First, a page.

by Michael Vlessides

San Diego—Although simulation testing in actual patient care settings has been well documented as a way to improve clinical knowledge, an observational pilot study by San Francisco researchers has revealed a lesser-known benefit: Latent threats to patient safety were uncovered that were related to missing, inappropriate or nonfunctioning equipment in the clinical care environment.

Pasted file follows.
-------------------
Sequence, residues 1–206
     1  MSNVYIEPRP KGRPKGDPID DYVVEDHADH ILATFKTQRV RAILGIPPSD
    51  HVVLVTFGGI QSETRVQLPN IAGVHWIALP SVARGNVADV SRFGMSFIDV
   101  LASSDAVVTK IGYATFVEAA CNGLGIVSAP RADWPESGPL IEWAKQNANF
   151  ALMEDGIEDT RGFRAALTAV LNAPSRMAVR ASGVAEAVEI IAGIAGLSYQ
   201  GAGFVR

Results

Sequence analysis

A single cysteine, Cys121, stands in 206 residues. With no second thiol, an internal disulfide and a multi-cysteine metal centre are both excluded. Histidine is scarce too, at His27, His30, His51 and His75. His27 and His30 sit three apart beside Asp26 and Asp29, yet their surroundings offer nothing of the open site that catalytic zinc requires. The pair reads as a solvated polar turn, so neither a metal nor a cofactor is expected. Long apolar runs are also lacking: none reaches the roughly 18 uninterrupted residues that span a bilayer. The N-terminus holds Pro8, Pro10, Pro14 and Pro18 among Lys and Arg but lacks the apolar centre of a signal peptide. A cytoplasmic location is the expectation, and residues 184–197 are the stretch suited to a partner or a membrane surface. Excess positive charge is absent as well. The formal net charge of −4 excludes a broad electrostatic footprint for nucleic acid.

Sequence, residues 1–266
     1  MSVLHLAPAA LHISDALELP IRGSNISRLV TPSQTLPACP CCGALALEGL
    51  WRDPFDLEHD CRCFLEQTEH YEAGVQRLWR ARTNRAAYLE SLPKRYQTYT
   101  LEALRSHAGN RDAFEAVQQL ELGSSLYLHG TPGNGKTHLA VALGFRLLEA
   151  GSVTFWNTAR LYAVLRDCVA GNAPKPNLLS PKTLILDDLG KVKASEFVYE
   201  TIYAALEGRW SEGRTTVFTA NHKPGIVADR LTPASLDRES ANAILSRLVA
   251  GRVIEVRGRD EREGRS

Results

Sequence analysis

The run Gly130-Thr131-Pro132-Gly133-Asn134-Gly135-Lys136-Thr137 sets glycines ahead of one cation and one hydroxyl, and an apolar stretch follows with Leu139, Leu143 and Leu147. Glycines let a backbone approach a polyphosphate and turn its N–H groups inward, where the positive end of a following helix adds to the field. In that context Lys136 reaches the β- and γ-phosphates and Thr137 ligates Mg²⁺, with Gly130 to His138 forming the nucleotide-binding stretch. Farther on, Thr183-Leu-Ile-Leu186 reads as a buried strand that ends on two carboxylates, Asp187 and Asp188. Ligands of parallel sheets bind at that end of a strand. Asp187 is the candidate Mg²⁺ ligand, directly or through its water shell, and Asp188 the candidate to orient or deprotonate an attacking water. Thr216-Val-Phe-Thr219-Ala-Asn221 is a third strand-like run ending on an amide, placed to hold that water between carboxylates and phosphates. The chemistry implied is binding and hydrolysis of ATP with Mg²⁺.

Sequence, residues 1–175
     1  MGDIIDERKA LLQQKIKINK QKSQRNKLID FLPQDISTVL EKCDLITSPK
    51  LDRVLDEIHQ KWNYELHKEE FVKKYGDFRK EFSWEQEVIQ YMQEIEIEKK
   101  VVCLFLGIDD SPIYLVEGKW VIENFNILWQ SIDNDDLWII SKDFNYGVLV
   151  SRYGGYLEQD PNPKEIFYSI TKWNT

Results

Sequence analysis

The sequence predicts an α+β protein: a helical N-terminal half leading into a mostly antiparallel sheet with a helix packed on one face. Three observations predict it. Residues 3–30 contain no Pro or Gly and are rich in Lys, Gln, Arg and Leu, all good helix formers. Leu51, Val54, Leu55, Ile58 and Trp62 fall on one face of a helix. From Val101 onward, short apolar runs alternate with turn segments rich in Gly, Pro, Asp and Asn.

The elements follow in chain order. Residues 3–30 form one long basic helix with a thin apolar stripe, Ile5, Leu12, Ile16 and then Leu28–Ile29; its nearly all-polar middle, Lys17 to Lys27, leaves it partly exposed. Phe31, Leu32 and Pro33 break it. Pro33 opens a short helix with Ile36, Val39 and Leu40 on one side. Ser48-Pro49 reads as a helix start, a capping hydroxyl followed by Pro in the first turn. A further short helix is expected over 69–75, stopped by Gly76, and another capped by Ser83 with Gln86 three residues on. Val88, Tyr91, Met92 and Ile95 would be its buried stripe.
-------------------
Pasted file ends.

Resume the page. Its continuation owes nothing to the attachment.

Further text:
“Traditionally, simulation has been performed in a simulation center that’s removed from the hospital,” said Francis A. Wolf, MD, an anesthesia resident at the University of California Medical Center, in San Francisco. “We do what we call in situ simulation, in the actual place of patient care rather than in a simulation lab.”